1+ 1= 5 and Other Unlikely Equations
illustrated by Brenda Sexton
Sterling Children’s Books, 2010
ages 5 to 12, ISBN 978–1‑4027–5995‑6
Find this book at your local library or favorite used bookseller.
So you think 1 + 1 = 2? After reading this book, you won’t be so sure.
With a mix of math and creative thinking, 1 + 1 can equal 3, 13, or even 110. It all depends on what you’re adding!
Students in kindergarten through fifth grade have come up with their own creative 1 + 1 equations. What do YOU think 1 + 1 equals?
You and your students can explore the world of numbers and creativity with this fun and useful teaching guide in color for 1 + 1 = 5 and Other Unlikely Additions. If you’d like to print the teaching guide in black-and-white, we’ve provided it that way, too.
Looking for even more ways to celebrate numbers and imagination? Here’s a Number Hunt word search that is also a matching quiz.
Who knows what lurks behind these mild-mannered numerals when your students put their artistic skills to work discovering The Secret Life of Numbers.
Get out your crayons and markers and get reading for this Coloring Sheet from 1 + 1 = 5.
And after your students tackle some of the challenges above or in the teaching guide, you can reward their efforts with this Creativity Certificate.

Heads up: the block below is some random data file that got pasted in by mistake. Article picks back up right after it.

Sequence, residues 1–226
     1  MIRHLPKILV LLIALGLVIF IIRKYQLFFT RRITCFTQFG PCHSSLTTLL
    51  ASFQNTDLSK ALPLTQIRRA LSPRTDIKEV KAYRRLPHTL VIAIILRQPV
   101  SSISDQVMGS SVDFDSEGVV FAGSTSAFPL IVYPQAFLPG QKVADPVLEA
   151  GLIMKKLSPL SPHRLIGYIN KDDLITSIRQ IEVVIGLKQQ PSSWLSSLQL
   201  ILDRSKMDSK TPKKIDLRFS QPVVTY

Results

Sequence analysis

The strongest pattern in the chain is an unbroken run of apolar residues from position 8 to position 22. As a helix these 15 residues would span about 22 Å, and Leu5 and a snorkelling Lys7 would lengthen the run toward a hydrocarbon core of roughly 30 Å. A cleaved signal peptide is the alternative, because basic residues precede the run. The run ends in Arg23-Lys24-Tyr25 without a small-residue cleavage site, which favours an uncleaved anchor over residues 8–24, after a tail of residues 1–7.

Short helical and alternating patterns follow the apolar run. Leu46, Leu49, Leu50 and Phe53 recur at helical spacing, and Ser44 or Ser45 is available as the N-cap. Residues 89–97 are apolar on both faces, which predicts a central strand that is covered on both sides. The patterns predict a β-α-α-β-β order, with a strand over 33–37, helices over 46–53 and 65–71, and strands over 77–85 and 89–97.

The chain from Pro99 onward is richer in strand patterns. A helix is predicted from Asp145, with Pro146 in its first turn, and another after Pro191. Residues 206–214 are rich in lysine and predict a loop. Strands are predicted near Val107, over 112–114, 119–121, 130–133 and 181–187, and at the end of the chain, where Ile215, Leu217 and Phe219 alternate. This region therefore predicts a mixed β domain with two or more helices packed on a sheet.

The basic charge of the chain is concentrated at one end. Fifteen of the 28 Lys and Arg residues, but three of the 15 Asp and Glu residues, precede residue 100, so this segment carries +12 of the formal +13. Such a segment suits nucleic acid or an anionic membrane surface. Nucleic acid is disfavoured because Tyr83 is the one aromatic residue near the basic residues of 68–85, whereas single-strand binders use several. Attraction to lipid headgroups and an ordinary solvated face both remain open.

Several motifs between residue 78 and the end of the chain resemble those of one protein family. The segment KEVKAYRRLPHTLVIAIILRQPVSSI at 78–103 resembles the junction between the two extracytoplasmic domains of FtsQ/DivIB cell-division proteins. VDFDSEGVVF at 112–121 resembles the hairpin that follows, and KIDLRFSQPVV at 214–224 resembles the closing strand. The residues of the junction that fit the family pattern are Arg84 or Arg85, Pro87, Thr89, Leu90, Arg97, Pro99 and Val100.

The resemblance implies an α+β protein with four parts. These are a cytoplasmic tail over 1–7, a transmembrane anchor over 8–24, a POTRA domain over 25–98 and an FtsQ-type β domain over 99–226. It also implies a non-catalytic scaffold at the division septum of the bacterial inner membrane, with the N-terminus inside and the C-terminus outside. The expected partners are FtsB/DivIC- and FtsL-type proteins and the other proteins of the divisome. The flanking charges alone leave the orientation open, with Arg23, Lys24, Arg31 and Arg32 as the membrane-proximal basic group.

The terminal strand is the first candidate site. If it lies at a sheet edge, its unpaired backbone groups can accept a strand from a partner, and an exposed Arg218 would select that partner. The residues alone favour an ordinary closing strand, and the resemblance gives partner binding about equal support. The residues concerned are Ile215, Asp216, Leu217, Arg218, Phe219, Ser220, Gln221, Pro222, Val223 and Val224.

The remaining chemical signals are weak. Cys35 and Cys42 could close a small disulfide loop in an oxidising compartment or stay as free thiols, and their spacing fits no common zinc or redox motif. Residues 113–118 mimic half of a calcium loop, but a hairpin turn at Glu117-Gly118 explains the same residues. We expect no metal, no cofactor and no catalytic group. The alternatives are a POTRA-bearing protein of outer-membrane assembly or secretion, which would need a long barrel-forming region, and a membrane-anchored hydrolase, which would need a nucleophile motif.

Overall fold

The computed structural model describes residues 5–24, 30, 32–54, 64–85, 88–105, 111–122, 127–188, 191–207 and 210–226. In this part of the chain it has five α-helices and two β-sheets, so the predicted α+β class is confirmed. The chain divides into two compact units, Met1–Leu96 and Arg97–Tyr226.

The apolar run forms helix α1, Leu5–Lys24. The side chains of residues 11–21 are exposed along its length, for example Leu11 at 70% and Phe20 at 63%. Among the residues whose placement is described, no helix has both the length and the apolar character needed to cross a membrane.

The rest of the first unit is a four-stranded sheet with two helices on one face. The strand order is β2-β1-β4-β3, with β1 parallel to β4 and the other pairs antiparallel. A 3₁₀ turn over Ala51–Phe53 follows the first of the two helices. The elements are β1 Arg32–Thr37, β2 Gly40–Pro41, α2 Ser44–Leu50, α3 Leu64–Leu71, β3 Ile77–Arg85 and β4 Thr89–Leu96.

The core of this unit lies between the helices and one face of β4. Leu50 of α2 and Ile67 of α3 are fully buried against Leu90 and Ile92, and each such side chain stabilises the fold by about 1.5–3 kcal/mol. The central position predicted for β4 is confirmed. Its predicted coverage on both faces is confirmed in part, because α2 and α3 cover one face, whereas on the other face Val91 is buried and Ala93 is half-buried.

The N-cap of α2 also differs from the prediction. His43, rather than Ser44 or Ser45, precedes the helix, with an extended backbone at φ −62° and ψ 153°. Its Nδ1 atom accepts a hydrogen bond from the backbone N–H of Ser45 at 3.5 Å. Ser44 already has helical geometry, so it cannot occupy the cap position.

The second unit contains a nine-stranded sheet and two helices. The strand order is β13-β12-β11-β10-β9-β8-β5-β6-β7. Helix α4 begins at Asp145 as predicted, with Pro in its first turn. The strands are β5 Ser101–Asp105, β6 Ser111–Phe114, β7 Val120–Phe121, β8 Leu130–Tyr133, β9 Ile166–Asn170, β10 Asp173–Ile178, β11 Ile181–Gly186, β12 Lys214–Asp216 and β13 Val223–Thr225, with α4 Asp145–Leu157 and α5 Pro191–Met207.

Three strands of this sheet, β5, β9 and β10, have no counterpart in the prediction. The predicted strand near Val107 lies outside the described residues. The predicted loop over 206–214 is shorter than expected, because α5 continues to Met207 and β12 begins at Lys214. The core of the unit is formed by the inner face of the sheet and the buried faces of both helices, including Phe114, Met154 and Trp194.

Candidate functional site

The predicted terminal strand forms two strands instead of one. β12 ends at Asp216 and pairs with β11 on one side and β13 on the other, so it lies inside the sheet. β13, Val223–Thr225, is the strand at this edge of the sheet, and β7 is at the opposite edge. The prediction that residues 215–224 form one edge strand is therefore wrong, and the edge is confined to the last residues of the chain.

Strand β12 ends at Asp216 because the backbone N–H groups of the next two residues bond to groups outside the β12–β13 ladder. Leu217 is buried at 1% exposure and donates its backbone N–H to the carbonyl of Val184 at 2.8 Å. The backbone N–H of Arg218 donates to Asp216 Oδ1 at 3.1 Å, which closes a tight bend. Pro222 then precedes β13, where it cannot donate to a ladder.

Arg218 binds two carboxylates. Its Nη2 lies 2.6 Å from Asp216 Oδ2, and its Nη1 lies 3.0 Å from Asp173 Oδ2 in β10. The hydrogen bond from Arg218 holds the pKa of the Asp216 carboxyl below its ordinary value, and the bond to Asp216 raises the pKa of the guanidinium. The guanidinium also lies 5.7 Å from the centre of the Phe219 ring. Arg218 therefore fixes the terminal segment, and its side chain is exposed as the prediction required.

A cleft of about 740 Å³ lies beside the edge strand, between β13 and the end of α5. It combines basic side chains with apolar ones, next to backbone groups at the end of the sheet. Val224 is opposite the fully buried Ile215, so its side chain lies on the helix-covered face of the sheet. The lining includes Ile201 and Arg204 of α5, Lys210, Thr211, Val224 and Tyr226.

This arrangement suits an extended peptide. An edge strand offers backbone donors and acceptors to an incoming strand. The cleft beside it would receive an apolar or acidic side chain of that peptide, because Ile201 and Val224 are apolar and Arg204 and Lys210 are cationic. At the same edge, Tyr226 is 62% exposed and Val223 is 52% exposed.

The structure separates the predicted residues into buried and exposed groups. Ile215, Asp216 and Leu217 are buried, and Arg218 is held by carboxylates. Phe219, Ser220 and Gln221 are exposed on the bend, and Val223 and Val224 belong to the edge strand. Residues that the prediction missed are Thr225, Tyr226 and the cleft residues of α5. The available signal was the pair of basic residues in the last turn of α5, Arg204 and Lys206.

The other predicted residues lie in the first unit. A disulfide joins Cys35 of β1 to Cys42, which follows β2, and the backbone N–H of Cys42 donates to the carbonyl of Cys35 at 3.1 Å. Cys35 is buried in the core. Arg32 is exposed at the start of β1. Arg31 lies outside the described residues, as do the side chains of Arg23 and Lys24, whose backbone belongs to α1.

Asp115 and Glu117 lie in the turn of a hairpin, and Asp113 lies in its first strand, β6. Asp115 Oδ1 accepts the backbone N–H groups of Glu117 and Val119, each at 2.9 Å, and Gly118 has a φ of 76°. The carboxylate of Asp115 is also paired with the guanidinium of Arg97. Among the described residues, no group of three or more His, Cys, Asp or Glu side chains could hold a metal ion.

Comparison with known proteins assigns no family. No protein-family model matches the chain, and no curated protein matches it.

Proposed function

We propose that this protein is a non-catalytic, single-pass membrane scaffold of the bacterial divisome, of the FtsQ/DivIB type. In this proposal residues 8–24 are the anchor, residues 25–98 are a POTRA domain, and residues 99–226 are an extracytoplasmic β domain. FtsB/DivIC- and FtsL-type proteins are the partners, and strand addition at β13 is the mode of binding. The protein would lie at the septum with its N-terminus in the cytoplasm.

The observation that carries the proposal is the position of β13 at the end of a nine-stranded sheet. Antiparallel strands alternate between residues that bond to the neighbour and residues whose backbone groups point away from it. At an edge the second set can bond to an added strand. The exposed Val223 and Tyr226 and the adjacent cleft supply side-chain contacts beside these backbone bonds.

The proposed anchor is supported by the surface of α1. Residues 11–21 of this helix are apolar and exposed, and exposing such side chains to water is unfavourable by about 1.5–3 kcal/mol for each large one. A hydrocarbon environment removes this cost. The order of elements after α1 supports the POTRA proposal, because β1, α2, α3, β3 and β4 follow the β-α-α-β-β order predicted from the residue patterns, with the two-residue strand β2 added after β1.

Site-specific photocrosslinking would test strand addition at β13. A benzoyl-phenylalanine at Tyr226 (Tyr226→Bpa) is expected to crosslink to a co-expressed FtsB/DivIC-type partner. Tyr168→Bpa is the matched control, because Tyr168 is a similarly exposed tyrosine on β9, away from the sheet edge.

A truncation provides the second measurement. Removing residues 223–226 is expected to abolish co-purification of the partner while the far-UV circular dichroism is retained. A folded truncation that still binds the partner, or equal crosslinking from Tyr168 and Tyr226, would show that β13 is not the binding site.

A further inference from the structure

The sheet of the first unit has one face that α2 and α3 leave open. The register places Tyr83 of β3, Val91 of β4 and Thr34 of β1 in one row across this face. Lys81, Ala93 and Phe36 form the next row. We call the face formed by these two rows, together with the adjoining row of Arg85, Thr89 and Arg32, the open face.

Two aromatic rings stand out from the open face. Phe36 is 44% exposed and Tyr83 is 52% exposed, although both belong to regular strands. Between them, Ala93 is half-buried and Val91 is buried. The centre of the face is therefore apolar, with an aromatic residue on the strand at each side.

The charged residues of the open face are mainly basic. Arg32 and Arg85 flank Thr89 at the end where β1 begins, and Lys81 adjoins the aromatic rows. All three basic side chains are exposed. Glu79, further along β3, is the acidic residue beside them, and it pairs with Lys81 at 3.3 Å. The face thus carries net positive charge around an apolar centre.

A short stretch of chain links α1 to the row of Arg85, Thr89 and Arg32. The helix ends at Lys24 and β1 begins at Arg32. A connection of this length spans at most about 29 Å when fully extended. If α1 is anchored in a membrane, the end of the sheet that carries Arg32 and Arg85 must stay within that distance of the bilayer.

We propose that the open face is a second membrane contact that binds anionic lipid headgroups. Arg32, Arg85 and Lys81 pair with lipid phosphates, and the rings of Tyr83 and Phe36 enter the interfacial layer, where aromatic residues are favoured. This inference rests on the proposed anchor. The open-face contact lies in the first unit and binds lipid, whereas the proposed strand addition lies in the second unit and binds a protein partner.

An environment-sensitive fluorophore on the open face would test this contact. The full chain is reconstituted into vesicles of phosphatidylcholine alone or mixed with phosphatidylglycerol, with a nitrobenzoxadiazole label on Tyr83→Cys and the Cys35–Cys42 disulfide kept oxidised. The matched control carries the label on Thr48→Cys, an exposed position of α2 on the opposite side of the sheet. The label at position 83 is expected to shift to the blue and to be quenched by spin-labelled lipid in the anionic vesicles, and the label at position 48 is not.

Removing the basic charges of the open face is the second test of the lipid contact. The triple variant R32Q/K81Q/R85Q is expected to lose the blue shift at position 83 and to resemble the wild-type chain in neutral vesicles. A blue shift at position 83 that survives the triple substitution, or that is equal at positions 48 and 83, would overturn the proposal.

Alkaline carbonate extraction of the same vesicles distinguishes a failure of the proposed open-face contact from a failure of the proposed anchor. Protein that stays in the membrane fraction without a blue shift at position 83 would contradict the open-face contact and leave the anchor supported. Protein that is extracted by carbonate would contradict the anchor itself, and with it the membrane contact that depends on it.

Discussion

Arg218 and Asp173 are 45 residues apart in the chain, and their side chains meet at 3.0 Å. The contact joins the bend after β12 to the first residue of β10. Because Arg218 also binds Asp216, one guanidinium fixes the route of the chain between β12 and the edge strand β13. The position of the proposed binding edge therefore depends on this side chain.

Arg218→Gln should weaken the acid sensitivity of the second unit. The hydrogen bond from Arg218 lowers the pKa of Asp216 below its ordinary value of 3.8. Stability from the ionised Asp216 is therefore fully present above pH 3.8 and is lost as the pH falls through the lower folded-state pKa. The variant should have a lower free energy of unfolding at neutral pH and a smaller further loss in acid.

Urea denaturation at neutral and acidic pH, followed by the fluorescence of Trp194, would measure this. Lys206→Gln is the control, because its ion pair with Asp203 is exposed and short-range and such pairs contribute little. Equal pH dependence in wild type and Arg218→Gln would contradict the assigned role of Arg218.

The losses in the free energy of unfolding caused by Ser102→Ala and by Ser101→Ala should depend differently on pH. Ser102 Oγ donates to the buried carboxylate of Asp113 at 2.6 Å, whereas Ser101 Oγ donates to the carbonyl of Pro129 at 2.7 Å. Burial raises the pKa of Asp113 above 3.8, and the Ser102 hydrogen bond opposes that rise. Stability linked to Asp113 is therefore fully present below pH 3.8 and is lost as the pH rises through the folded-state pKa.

Awards and Recognition
Book Links Lasting Connection
Grand Canyon Reader Award
Minnesota Book Award finalist
Texas 2x2 Reading List
“For those who think math problems only have one right answer, this playful book offers a surprising number of solutions to 1+1. In one scene, a man and a cat push a wheelbarrow containing a pumpkin and watermelon. “1+1=hundreds?” asks a banner. The reasoning appears on the following page: “1 pumpkin + 1 watermelon = hundreds of seeds!” In another, the sun and moon grin at one another (“1+1=1?”). The explanation: “1 a.m. + 1 p.m. = 1 day!” An energetic and inventive spin on addition. Ages 5–up.” (Publishers Weekly)
“A great way to encourage outside-the-box thinking.” (School Library Journal)
“… the engaging situations will make kids count and think.” (Booklist)
“LaRochelle’s text is thought-provoking, while Sexton’s illustrations kick up the comedy a few notches.” (Karen MacPherson, The Seattle Times)
“Bright, geometric illustrations nicely bordered and framed make every page fun to turn, and add a sense of order to the boundless imagination that this book will inspire.… Easily one of the most inventive books of the year.” (Esme Raji Codell, planetesme.com)